Some of you might know that I've been working on getting Ubuntu 11.10 running on the Nook Tablet. Why Ubuntu 11.10? It's optimized for touchscreen. My work with Ubuntu is not totally ready yet. The touchscreen is totally wonkey and unusable for touch input.
...Well, without a 3.0 kernel tailored to our device, Ubuntu is quite unusable as a Graphical User Interface. I've tried to compile a few times without any real results to report. The best results I've come across use a 2.6 kernel based on the kernel used for our device by Android. Anyway, if anyone can help get us a operational 3.0, 3.2+ kernel with full support for our device, I can get Ubuntu running.
However, all is not lost. Ubuntu DOES boot on a 2.6 kernel and it WILL perform most tasks that do not require special device control, like wiping the disk and reflashing. I've come up with a total wipe and restore program for SDCard based on ubuntu.
So, as a result of my work, I would like to present the first ever Ubuntu Recovery. This will totally wipe your device. With the exception of the ROM Partition which contains serial information, every single partition will have zeros written to it then flashed with just enough to perform an initial factory reflash. Normally when you perform an update or flash of a device, it is simply formatted. A formatted device can be unformatted. A zeroed device cannot be unformatted. All information is overwritten with zeros.
This will also work if you've damaged the bootloaders or recovery partition.
how to create your own bootable Ubuntu Recovery SDCard
You will need:
- A Class 4 SDCard with at least 4Gigs of space
- 6 gigs of free space (for downloading sdcard image and uncompressing)
- The SDCard Image: http://ge.tt/9rVFXxC?c
- Open a terminal in Ubuntu by typing "terminal" in the search bar then hit enter
- uncompress the Downloaded SDCard Image
cd ~/Downloads tar -xvwzf ./AdamOutlerUbuntuTotalReFlash.tar.gz
- With the SDCard or reader removed from the computer, get a list of all disksCode:
- Insert your sdcard or usb sdcard reader, then press the up key and enter to repeat the last command. The new device will show up as sdb, sdc, sdd or sde. each new device gets a higher letter. Note this newly plugged in device.(ie. /dev/sdc)
- Use the following command to make your new SDCard, where "sdc" is the name of your SDCard device.
sudo dd if=./AdamOutlerUbuntuTotalReFlash of=/dev/sdc bs=4096; sync
- Shove it in your nook and turn it on by inserting the USB cable(do touch the power button, just insert the usb cable). Your nook will boot Ubuntu and perform a total factory restore. The process will take 15 minutes to complete with a Class4 micro SDcard.
Pro-tip: to copy and paste easily in Ubuntu, highlight text in the browser, then press the middle mouse button on the terminal.
Pro-tip: The tab key will auto-complete filenames.
Thanks to cyberma007 for Windows instructions.
- Extract AdamOutlerUbuntuRecoveryImage with Winrar
- Rename the resulting file to Add the .img extension to the filename
- Download and open Win32 Disk Imager. note: The open source project can be found here: https://launchpad.net/win32-image-writer
- Choose the drive letter of your SD Card from Win32 Disk Imager
- Click the Write button
- Turn of your nook and put in the SD Card and turn it back on.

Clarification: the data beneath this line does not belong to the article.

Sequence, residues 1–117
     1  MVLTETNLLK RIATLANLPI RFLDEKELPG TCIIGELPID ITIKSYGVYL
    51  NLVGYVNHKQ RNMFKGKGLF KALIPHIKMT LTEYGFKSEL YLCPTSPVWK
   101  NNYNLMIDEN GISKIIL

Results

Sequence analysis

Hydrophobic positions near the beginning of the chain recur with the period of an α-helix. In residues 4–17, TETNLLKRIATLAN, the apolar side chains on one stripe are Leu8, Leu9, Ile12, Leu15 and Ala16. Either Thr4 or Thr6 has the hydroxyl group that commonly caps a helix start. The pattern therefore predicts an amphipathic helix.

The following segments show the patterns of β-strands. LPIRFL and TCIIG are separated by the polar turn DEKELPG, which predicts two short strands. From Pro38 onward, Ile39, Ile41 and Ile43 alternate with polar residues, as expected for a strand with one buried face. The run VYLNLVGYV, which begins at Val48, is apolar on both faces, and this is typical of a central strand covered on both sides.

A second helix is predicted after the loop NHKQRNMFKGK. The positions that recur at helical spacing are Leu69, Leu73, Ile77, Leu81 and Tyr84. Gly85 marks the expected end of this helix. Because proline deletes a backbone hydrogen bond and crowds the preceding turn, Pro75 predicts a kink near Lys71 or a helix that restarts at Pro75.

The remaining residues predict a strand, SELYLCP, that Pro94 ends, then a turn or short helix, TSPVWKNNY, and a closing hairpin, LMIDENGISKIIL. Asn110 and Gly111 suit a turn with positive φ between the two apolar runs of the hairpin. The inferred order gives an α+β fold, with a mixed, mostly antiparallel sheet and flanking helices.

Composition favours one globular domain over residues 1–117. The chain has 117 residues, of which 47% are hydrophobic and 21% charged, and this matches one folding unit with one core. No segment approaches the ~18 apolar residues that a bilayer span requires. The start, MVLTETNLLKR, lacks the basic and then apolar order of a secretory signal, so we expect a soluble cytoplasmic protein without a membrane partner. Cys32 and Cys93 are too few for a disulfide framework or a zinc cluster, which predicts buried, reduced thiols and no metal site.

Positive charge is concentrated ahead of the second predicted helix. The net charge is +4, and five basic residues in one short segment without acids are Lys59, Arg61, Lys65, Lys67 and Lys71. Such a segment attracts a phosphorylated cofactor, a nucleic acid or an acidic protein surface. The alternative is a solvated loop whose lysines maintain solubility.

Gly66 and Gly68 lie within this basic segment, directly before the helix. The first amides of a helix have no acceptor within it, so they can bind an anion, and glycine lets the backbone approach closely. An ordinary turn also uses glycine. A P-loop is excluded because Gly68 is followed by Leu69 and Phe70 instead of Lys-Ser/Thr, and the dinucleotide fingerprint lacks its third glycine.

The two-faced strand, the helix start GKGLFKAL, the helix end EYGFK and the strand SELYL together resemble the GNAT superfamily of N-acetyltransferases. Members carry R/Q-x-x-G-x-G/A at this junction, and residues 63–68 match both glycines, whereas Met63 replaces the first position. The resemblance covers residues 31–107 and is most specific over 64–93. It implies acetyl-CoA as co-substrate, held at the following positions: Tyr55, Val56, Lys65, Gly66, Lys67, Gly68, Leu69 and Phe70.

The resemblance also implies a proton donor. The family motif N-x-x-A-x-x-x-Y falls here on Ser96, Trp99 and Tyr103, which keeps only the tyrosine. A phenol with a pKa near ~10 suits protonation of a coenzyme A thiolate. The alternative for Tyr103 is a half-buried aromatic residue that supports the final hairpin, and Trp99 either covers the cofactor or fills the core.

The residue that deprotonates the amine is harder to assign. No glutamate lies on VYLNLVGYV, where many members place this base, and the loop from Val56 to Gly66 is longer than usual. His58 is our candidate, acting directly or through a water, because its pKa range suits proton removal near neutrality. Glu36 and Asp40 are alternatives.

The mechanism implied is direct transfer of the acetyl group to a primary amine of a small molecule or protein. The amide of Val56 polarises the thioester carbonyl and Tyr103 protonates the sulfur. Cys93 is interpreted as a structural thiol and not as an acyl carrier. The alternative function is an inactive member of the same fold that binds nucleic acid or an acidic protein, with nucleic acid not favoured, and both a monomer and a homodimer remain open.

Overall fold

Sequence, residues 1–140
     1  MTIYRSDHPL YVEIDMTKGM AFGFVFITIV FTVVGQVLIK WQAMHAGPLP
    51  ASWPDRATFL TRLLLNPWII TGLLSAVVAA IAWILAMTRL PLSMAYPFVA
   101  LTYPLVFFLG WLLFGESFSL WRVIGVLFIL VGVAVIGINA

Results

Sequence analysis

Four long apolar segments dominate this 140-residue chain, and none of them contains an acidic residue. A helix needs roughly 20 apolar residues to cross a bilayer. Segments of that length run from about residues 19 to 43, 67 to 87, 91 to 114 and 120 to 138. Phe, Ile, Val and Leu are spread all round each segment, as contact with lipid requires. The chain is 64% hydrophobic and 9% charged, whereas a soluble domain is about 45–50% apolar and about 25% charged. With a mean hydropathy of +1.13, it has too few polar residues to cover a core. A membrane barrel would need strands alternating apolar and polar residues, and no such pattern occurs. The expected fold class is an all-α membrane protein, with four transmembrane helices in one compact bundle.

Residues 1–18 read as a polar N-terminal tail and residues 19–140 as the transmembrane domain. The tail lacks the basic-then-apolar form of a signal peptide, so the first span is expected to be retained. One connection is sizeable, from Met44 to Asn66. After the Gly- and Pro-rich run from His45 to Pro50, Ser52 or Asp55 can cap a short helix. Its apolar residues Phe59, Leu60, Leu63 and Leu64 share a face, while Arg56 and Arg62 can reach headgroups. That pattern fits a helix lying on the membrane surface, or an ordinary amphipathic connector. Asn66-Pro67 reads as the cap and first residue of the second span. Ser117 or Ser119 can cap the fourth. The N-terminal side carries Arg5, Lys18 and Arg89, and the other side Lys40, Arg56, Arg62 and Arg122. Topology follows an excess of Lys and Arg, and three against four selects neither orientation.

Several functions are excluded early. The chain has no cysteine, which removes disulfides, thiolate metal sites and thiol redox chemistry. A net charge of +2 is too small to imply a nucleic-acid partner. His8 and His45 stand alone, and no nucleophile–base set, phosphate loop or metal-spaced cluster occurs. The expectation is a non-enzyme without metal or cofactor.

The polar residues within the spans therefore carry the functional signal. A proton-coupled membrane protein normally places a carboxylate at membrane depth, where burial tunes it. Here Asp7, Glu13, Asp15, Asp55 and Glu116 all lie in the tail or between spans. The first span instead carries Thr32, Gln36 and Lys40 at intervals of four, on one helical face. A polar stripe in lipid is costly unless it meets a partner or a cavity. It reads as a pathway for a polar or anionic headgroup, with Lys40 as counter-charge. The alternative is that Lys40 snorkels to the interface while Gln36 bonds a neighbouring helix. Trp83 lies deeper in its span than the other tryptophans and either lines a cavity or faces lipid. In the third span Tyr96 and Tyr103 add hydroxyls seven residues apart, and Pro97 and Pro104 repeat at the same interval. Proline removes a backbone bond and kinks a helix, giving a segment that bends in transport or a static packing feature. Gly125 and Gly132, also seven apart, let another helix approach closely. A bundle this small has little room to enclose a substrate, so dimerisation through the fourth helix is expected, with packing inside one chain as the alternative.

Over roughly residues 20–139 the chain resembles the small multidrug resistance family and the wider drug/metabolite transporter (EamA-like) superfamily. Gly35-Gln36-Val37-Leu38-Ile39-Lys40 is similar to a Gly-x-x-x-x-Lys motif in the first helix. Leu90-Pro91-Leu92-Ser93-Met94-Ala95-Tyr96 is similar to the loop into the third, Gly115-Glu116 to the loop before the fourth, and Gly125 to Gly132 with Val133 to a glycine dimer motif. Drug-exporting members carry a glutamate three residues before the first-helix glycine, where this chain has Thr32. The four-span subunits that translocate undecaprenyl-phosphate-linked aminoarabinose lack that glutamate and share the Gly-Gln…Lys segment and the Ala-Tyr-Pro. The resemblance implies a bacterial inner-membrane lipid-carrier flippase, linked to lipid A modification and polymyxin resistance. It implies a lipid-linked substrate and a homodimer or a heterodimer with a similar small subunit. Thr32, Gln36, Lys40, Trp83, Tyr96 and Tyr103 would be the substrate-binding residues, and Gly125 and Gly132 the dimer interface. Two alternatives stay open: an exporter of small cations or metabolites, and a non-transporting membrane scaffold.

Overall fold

Your Microsoft®™ Windows©®℠ computer sucks at reading anything except Microsoft formats. It cannot read the Open Source Linux EXT4 format. You will only see one partition after creating the SDCard but it will work fine. If you want to inspect the contents, install a Linux distribution on your computer.
Theory of operation
how it works
When you insert the SDCard and turn on the device this is what happens.
- The device boots from SDCard.
- The Ubuntu GUI will load. Personally, I recommend that you do not touch anything
- You will be presented with a 100 Second countdown
- If you wish to stop, press and hold power for 10 seconds before flashing has started
- You will be presented with a progress bar status update only. Closing this will not affect the process. the only way to stop is to turn the device off.
- At this point, the flashing process will begin
After Ubuntu has booted here is the procedure which takes place
- MLO partition will be written with all zeros, then flashed
- U-BOOT partition will be written with all zeros, then flashed
- RECOVERY partition will be written with all zeros, then flashed
- BOOT partition will be written with all zeros, then flashed
- BOOTDATA partition will be written with all zeros, then flashed
- BOOTDATA is mounted and a command is sent to factory reset the device upon next boot.
- FACTORY partition will be written with all zeros, then flashed in two parts to work around a 120 second filesystem operation bug.
- A sync operation takes place to ensure all data is written to the device
- SYSTEM partition is wiped with all zeros
- SYSTEM partition is recreated as a blank EXT4 filesystem
- CACHE partition is wiped with all zeros
- CACHE partition is recreated as a blank EXT4 filesystem
- SDCARD partition is wiped with all zeros
- SDCARD partition is recreated as a blank FAT32 filesystem
- A sync operation takes place to ensure that all data is written
- You are notified to press and hold power. When the screen goes black remove your SDCard
It's my intention that this may help someone. This will at least be one more method for people to try before giving up on restoration to 1.4.0. I generally receive 5-10 PMs per week requesting support on the acclaim_update.zip. Hopefully this will reduce those and give people another option to try.
Ubuntu isn't ready for daily use yet, but this recovery tool is more thorough than any other recovery method out there. I need some help porting the 3.0 kernel to the Nook Tablet.